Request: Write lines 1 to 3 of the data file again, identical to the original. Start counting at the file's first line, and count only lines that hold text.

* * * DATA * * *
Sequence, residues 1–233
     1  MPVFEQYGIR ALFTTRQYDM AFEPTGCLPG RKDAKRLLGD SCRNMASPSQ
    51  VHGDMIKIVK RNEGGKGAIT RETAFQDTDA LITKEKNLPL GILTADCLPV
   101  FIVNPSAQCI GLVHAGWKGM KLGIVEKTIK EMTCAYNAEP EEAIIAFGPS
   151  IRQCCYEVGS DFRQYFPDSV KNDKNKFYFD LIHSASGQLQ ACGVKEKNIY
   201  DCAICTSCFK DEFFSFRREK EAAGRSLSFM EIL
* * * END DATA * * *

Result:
Sequence, residues 1–233
     1  MPVFEQYGIR ALFTTRQYDM AFEPTGCLPG RKDAKRLLGD SCRNMASPSQ
    51  VHGDMIKIVK RNEGGKGAIT RETAFQDTDA LITKEKNLPL GILTADCLPV